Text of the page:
A Trio of Terrible
In my life, there exists a triumvirate of discomfort: cold, wet and far from home. When they're experienced separately, I can deal just fine. But oh man, as a one-two-three punch of awful-ness, is there is nothing more terrible than feeling being cold, wet and far from home at the same time?
Yes, I do realize the above statement was needlessly hyperbolic—plenty of things are more terrible than that, frankly, but let's be honest. I think by now, I've established myself as a little bit of a blogging drama queen, so I'm gonna go with it.
The state of being which I have dubbed "the worst," (as in, "No, I will not be applying for membership in the Louisville Polar Bear Club. I don't want to be the worst.") offends my delicate constitution, and so, I try very hard not to participate in events where there's a distinct possibility that I will end up cold, wet and far from home.
Right now you must be thinking that I hate the snow.
That, sir or madam, would be erroneous.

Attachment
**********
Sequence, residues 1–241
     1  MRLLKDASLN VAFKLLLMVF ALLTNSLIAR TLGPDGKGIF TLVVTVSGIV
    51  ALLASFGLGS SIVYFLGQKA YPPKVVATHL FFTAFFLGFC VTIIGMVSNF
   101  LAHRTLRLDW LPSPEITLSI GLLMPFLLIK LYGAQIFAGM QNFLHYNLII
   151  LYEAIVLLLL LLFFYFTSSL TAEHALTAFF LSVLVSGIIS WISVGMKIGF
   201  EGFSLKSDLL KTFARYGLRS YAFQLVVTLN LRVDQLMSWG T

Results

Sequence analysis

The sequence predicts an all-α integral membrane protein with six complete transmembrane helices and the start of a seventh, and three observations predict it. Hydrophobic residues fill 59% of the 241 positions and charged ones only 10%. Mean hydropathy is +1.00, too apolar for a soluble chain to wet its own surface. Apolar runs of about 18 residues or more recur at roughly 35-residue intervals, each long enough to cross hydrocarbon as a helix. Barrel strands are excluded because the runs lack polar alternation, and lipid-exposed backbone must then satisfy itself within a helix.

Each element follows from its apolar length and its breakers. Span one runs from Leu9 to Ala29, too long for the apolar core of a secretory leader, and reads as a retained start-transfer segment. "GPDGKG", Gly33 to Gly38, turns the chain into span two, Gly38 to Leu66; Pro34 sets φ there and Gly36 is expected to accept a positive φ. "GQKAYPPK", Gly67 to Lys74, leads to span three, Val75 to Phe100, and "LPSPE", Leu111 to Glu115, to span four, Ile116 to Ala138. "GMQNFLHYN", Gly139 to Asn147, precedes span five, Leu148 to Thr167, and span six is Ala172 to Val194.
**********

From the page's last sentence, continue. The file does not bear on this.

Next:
I enjoy the snow. It's pretty, plus, I don't drive to work so I don't get annoyed at it. Plus, snowball fights are fun. Yes, I enjoy the snow … for approximately 45 minutes. That's the tipping point for me, when little crystallized chunks of snow find their way into that space between my glove and jacket sleeve and start to freeze my skin. My toes curiously lose all feeling, despite the six pairs of socks I'm typically wearing. That's about the time the snow and I need to part ways. And really, I will miss skiing, but the entire sport is designed to keep you busy all day—way longer than me and snow's previously agreed-upon 45-minute grace period. Not to mention the fact that skiing is all about traveling away from a fixed point. Because let me clarify one thing: "Home," in this case, can be anywhere that offers the comforts of home (fireplace, hot chocolate, hair dryer). It doesn't necessarily have to mean my apartment (and actually, my apartment doesn't have any of the aforementioned comfort equipment, aside from the hair dryer).